Oped Submission by Jim Amatucci, Sierra Club

Jim Amatucci is a member of the Massachusetts Sierra Club’s Political Committee. He lives in Beverly, MA

If it seems that campaigns are even nastier than usual this year, you’re right. The Supreme Court decision, Citizens United, opened the floodgates for unlimited corporate donations to political groups. It’s not hard to guess which side big corporations are supporting (Hint: it’s not on the side of clean air and clean water).

Nationwide, big corporations are spending millions on character assassination ads. Corporate-funded PACs’ primary strategy is to smear their ideological opponents while avoiding any mention of their own (pro-corporate welfare, anti-regulation, science denying) views. Using character assassination, with dark foreboding ads, scary music, and grainy black and white photos are Karl Rove’s trademarks. We’ve been seeing Rove’s handiwork throughout the Bay State this year, and it’s not pretty.

With just a few days before Election Day, we urge you to base your decision in the voting booth on the basis of a candidate’s voting record, lifetime accomplishments and their positions on actual issues. Don’t be fooled by the tangential accusations and the inflammatory rhetoric.

In the race between Congressman John Tierney and Former State Senator Richard Tisei, I urge voters to look at each candidate’s record.  For over a decade, John Tierney has been an unwavering advocate on behalf of many environmental bills. He voted against the Bush administration’s bills that favored big oil companies and threatened pristine wilderness areas with potential environmental disasters. John Tierney supported funding for rail transit, knowing that better transportation choices will reduce America’s reliance on fossil fuels.

John Tierney has repeatedly stood up to Big Oil, voting to end billions of dollars in corporate handouts. While his opponent may honestly believe that sending taxpayer dollars to the world’s wealthiest corporations is somehow in our best interests, we know that “trickle down” economics was a disaster in the late 1920s, again in the 1980s, and once more during the second Bush administration.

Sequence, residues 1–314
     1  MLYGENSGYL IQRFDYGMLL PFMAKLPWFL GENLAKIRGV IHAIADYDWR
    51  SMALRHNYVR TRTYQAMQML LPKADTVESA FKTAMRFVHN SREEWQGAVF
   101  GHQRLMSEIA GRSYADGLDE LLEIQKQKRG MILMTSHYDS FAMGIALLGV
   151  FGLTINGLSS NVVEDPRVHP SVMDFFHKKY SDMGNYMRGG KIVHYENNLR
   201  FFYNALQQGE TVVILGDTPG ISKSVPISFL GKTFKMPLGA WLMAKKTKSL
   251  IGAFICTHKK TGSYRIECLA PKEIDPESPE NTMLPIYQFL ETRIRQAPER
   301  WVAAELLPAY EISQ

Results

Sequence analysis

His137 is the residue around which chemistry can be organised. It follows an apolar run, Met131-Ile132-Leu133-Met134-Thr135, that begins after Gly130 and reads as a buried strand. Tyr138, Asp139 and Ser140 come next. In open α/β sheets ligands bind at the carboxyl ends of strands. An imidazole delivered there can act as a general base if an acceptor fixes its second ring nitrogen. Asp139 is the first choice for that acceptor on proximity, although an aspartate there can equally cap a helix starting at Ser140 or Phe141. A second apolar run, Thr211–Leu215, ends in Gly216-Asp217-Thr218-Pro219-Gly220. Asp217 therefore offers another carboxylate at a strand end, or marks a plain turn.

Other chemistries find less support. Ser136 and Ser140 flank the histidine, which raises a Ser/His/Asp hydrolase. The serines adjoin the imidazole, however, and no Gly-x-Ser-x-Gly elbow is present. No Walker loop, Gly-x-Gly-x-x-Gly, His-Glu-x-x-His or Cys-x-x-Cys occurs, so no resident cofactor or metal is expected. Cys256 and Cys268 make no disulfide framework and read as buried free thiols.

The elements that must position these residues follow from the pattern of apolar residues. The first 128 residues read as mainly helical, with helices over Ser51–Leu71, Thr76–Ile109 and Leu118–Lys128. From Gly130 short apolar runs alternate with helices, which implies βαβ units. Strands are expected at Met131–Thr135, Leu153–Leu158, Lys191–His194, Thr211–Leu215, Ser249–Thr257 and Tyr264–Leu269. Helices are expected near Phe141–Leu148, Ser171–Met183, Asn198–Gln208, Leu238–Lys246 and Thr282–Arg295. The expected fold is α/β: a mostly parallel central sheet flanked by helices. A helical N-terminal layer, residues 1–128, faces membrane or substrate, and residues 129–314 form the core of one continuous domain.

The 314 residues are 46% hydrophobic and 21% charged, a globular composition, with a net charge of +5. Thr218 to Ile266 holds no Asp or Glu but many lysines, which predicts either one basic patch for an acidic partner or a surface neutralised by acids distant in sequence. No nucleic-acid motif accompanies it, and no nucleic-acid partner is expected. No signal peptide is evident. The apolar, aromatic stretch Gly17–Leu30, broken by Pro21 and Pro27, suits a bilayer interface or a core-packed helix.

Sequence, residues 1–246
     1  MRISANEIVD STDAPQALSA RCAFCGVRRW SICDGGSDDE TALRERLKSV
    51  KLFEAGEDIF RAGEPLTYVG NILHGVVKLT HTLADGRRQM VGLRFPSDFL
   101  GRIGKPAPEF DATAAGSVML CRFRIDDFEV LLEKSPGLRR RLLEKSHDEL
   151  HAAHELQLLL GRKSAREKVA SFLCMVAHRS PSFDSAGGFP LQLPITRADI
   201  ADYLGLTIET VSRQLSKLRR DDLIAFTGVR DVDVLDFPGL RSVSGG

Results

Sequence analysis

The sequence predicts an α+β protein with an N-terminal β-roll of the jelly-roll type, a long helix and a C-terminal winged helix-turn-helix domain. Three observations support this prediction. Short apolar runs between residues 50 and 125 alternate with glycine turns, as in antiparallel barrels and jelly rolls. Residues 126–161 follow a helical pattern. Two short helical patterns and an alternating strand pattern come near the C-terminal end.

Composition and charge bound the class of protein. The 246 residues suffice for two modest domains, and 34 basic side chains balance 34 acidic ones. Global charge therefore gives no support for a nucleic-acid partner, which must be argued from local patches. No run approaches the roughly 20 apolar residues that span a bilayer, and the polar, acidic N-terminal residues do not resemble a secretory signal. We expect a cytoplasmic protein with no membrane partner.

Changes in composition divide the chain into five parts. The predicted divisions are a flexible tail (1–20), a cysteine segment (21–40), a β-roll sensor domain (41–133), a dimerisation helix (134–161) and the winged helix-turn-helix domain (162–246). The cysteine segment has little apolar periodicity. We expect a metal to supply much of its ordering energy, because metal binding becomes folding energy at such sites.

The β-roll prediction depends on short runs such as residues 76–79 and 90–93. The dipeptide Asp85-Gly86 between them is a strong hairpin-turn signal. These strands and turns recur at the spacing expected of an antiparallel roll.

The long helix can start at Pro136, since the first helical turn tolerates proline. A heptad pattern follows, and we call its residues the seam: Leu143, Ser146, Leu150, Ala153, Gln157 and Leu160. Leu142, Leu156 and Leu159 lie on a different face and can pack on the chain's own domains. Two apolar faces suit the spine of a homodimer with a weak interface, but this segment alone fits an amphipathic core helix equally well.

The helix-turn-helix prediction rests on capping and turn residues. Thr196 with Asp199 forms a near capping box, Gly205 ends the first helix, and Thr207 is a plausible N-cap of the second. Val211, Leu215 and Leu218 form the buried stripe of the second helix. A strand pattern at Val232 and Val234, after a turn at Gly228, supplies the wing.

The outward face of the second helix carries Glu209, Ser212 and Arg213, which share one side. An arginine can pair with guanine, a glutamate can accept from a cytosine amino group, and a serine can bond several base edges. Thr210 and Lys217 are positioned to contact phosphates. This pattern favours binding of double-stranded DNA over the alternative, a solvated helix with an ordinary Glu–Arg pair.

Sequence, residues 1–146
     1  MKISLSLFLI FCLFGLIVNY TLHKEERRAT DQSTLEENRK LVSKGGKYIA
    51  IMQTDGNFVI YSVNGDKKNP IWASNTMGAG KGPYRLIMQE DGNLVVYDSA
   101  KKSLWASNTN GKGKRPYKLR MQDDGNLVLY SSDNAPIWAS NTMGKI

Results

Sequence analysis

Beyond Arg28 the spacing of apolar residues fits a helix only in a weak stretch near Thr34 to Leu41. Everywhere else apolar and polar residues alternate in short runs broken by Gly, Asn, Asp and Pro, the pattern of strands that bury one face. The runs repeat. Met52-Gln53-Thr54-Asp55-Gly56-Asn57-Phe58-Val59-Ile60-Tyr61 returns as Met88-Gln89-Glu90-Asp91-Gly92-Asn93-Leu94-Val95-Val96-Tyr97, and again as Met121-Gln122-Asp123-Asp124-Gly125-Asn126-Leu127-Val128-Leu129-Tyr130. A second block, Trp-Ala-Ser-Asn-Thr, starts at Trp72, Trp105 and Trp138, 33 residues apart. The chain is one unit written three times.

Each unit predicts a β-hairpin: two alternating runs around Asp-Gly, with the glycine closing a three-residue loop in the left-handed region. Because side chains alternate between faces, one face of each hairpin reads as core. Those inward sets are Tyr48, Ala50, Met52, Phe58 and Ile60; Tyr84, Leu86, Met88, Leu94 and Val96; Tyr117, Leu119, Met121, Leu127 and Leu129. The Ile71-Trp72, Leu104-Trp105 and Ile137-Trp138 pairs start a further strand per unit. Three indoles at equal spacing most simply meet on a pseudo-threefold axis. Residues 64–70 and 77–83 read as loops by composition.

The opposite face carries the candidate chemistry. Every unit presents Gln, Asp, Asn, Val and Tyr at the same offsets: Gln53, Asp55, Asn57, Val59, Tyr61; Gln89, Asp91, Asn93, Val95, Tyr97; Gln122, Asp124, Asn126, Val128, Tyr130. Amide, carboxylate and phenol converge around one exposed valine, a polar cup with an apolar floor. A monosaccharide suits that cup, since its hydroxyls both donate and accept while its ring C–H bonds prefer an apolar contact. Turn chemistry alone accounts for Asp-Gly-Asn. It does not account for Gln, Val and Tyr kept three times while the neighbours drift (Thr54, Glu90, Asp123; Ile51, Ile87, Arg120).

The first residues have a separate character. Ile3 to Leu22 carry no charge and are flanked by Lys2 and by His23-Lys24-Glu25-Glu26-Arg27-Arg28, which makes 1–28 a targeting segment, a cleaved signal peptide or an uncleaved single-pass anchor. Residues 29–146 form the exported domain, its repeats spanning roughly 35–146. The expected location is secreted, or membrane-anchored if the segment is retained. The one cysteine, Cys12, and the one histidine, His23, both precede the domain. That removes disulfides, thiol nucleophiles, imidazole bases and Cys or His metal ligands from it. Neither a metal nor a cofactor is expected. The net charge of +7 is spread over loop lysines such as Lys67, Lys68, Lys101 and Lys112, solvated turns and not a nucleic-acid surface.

Congressman Tierney has been a leader in Washington, co-authoringthe federal Green Jobs Act, which helps support and train American workers to install solar panels, manufacture wind turbines, and weatherize homes. This program helped thousands of Americans, including many in Massachusetts, to get good jobs working toward energy independence.

John Tierney has championed the protection of our public lands and national monuments. Instead of opening our parks to drilling and mining for short-term corporate profits, he protects these precious resources for future generations.

John Tierney championed historic fuel efficiency standards, which will help create more than half a million new American jobs in the auto industry while saving families thousands every year at the pump. With important legislation like this, we can rebuild America’s manufacturing sector, burn less fossil fuels, and slow the rate of climate change.

Congressman Tierney stood up to protect the Clean Water Act, opposing corporate efforts to weaken the act and put our drinking water, streams, rivers, wetlands at risk from toxic pollutants.  Here in the Bay State, we remember all too well what happens to water when chemical companies run the show. But Congressman Tierney didn’t stop there, supporting protections from toxic mercury pollution that will prevent up to 11,000 premature deaths and 130,000 asthma attacks every year.

John Tierney voted against the effort to strip the U.S. Environmental Protection Agency from regulating greenhouse gases. Hurricane Sandy is yet another wake up call to anyone who thinks that climate change isn’t important - Scientists predict that future storms could be much worse.

In sharp contrast, Richard Tisei’s website lists absolutely no environmental positions - nothing. While Tisei was in the State Senate, he opposed many important environmental bills, refusing to sign on or support even the most basic environmental protections for the people of Massachusetts.

If you’re concerned about clean water and clean air, about climate change and pollution, if you want to end corporate control over your health and safety, I urge you to look at John Tierney’s consistent record and decide: who do you want to represent you in the US Congress?